When I was mulling over purchasing the Barcelona Wine Bar cookbook a few months ago, I knew that I’d have to have a pretty compelling reason to do so in order to avoid Michael rolling his eyes at my wanting yet another book to add to our library. In all fairness, he’s right to do so–it’s not worth wasting time and shelf space on books that just sit and go unused, mocking me with their lack of utility. So I did a little digging on their website and took a peek at the three recipes featured, all of which were completely new to me and intrigued me instantly. That, combined with the knowledge of which of our favorite tapas from the menu were also included, was enough reason for me to add this book to my birthday wishlist on Amazon.
This particular recipe sang out to me for several reasons:
- we never order the entrees whenever we’ve visited the restaurant,
- it was inspired by a Sicilian dish,
- which itself was originally served with pasta.
When Michael offered to make me anything I wanted on Halloween, I knew that this would do quite nicely.
I naturally had to endure a little teasing because I wanted to switch out the suggested potato accompaniment with spaghetti, but I didn’t care–it was what I was in the mood for that night. In order to get it right we splurged on a kosher chicken from Fairway; while more expensive than a regular chicken, the sparse amount of ingredients that went into this dish required that all of them be of good quality.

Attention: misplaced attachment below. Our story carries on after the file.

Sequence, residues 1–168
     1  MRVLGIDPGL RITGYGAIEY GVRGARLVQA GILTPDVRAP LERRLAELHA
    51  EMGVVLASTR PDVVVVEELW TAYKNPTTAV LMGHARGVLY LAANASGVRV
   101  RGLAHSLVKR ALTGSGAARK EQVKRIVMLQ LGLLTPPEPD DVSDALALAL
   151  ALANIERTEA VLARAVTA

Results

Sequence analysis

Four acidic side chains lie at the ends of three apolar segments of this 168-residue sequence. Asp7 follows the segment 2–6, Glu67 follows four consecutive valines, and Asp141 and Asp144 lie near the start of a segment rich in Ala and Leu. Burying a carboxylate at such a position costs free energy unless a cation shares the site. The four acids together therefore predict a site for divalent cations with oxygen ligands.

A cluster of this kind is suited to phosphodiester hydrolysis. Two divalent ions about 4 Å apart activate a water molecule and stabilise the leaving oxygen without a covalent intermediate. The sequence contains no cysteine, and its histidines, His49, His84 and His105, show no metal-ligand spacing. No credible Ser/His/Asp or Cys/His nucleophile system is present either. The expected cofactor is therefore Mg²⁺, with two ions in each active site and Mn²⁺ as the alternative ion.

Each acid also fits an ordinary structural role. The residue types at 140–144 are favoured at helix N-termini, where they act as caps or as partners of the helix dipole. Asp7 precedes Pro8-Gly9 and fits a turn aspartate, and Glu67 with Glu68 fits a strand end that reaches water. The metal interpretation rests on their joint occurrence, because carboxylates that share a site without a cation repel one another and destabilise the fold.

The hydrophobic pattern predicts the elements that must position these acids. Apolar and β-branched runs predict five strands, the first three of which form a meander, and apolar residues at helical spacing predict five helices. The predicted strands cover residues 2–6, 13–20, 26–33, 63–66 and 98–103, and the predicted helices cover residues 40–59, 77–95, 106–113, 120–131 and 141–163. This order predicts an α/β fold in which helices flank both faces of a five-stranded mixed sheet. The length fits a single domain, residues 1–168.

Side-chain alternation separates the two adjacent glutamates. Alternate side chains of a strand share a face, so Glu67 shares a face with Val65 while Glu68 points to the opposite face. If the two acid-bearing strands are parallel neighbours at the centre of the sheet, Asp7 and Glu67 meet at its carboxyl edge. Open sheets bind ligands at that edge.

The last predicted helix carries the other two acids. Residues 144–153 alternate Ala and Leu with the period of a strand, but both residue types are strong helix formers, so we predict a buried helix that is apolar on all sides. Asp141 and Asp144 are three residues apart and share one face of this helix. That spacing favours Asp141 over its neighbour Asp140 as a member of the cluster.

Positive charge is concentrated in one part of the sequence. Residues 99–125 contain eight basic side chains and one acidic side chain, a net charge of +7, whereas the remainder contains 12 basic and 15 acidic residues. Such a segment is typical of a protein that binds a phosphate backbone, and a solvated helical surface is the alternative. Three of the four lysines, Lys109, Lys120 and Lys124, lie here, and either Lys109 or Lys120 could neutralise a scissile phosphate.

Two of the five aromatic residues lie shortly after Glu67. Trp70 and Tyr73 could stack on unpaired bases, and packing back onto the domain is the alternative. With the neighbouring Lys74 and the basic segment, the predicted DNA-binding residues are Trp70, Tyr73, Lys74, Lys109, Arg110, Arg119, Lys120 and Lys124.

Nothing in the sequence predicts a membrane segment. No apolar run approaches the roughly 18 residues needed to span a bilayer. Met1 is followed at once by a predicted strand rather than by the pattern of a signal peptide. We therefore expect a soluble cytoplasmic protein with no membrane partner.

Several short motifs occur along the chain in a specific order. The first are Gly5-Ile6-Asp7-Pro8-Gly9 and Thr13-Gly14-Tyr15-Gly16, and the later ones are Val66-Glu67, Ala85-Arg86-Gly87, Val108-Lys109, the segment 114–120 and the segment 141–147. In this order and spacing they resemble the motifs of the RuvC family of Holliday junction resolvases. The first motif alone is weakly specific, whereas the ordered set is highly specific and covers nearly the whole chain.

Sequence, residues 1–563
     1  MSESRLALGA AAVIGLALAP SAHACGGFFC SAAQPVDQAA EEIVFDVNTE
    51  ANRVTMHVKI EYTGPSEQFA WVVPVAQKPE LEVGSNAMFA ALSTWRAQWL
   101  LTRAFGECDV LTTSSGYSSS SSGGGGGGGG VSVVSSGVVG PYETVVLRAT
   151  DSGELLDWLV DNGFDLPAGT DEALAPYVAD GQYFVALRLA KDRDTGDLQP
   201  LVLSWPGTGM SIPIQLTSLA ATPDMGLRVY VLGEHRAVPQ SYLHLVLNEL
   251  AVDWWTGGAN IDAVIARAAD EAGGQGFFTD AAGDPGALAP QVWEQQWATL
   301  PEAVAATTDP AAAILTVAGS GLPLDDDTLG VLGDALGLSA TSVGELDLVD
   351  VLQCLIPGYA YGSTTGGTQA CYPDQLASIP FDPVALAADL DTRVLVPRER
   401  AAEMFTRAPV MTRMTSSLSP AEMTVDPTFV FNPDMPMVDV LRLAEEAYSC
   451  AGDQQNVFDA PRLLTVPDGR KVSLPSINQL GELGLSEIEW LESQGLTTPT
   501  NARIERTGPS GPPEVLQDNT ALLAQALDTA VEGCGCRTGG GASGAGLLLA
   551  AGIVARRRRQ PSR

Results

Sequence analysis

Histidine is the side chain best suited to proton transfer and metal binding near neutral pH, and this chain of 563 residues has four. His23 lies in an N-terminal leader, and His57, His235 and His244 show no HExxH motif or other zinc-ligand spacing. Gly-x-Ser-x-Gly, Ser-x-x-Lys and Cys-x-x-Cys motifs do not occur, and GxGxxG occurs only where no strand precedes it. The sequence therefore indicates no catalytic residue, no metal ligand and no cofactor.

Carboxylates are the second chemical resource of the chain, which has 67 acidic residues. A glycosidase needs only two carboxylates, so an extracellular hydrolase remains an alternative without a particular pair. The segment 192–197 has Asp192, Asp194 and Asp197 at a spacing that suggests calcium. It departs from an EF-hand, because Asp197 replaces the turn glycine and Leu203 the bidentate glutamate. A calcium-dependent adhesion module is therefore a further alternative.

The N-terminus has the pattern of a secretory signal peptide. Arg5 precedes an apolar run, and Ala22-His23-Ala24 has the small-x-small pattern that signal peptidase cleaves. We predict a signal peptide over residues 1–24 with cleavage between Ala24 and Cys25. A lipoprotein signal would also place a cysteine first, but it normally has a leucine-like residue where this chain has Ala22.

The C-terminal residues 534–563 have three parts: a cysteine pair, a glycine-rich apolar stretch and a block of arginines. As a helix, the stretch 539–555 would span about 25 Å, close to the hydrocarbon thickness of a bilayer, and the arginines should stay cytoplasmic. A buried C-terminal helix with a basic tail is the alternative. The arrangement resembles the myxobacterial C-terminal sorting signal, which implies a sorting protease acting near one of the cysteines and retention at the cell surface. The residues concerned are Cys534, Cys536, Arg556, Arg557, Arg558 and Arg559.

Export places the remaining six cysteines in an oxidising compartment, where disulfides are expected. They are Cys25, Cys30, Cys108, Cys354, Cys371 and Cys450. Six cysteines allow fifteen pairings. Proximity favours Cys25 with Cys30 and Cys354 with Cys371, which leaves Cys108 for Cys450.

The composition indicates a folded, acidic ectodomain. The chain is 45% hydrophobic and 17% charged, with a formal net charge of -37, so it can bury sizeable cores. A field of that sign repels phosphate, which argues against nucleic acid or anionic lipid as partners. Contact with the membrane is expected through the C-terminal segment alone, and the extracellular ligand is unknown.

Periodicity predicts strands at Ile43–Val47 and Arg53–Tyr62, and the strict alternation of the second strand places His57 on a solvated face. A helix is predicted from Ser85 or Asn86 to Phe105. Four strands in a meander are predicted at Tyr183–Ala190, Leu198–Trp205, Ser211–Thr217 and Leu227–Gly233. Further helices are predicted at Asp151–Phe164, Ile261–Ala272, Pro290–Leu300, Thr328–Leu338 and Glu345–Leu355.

I also splurged a little on the white wine, thanks to Jorge at Vino Fino, going for a better white than I normally would for cooking purposes, which also was worth the few extra dollars. I’m normally not a white wine drinker, but Jorge guided me well–I love a glass of garancha roja, and this white version was crisp, clean, and neither overly sweet nor dry.
Most of our cooking was done during our shift to give out candy for the trick-or-treaters in our neighborhood, and the sizzling chicken created such a racket between the action on the pan and the occasional sound of the smoke detector (usually because an errant breeze blew through the kitchen window) that I had to leave a note on our door to please ring the bell in lieu of knocking.
A little minor chaos, though, was nothing compared to what appeared on our table: between the gravy-esque sauce, the sweet peppers, and the tender meat, I now understand why Barcelona patrons order this up to four times in a week.